E-commerce giant Amazon has been called “East India Company 2.0” in the latest controversial cover story by Panchjanya – a journal with roots in the RSS, the ruling BJP’s ideological mentor.
Panchjanya editor Hitesh Shankar on Monday tweeted an image of the new cover, which features Amazon CEO Jeff Bezos and the headline “#Amazon: East India Company 2.0”.
The cover refers to allegations Amazon’s legal representatives bribed Indian officials, and asks: “What did it (the company) do wrong it needed to bribe… Why do people consider this company a threat to indigenous entrepreneurship, economic freedom and culture?”
Last week the government said that bribery charges involving Amazon – specifically questions raised over the payment of an estimated ₹ 8,500 crore in legal fees – would be fully investigated.
“… it is time to think where all it is going… whole system seems to work on bribes and that is not the best of business practices,” unnamed Indian government officials were quoted as saying.
The US-headquartered company has also launched an internal inquiry into claims that surfaced after a whistleblower flagged alleged bribe payments.
The company’s senior corporate counsel has reportedly been sent on leave.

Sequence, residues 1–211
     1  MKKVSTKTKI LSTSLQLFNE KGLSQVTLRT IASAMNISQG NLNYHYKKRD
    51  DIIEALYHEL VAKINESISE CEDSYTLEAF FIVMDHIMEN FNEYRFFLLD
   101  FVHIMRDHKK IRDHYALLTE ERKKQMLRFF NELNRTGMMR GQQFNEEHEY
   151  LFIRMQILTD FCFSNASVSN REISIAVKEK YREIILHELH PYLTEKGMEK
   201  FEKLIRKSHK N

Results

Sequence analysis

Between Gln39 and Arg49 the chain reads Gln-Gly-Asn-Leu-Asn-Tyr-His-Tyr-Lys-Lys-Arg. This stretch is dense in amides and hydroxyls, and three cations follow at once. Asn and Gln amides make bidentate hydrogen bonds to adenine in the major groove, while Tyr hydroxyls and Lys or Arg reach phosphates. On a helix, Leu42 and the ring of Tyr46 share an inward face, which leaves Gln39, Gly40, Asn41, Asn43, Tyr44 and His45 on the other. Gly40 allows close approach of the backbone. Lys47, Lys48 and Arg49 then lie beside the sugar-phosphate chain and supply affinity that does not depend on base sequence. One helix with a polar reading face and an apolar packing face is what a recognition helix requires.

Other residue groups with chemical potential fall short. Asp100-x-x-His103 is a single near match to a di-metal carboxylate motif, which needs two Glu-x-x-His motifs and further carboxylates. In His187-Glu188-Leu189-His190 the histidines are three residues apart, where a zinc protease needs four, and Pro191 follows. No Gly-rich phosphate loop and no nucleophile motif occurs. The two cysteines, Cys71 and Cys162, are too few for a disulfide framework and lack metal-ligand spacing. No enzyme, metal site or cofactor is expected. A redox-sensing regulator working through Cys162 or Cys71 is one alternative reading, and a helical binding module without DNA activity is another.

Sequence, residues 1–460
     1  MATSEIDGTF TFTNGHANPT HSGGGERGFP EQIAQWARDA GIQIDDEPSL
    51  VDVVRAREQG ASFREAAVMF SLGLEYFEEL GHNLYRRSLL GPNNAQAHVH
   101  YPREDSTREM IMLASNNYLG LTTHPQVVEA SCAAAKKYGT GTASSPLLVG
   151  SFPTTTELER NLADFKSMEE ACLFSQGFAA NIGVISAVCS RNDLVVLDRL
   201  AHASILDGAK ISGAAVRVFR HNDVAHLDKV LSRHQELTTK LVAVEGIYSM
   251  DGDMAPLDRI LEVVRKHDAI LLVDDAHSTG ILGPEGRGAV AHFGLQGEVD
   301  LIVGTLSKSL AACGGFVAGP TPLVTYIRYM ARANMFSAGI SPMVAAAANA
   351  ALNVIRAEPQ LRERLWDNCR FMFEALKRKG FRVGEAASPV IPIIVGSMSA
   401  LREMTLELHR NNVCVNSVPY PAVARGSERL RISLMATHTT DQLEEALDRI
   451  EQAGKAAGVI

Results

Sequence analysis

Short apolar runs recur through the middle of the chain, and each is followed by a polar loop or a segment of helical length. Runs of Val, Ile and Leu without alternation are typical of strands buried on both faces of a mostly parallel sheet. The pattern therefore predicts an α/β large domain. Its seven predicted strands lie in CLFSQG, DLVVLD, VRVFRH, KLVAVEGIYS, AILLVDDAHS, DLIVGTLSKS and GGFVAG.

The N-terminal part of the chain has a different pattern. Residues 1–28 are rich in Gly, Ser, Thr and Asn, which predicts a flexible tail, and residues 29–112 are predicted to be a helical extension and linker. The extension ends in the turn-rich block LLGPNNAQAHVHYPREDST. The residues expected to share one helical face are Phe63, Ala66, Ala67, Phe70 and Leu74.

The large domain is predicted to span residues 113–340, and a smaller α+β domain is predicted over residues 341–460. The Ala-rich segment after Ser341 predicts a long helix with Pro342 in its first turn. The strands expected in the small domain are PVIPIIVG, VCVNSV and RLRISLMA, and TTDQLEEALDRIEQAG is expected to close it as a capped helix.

It is unclear when and in which state the alleged acts of bribery took place.
Both sides have stressed “zero tolerance towards corruption”.
Earlier in September, Panchjanya lashed out Infosys – an information technology behemoth widely seen as one of India’s biggest success stories in the global business community.
The article attacked Infosys over the repeated glitches that have marked the rollout of the new income tax e-filing portal; the company was accused an “anti national conspiracy”.
The attack – in a magazine considered close to Prime Minister Narendra Modi’s government – also led an executive working at a global consultancy to tell news agency Reuters “everyone is scared“.
Congress leader Jairam Ramesh called the article and its content “absolutely condemnable”, and said that it was, in fact, the magazine that was “anti national” for attacking Infosys.
The Panchjanya article on Infosys came a month after Commerce Minister Piyush Goyal took a swipe at the $106 billion Tata Group‘s objections to proposed policy changes for e-commerce.
“The frontal attack on iconic elements of Indian businesses have only buttressed the need for companies to ensure they are conforming, not just with tax issues, but with other government initiatives,” Dilip Cherian, co-founder of a leading PR firm, told Reuters.
The government moved to distance itself from the Panchjanya article criticising Infosys; Finance Minister Nirmala Sitharaman called it “not right”.
The RSS also distanced itself from that article; spokesperson Sunil Ambekar said the magazine “is not a mouthpiece… and article or opinions in it should not be linked with the RSS.”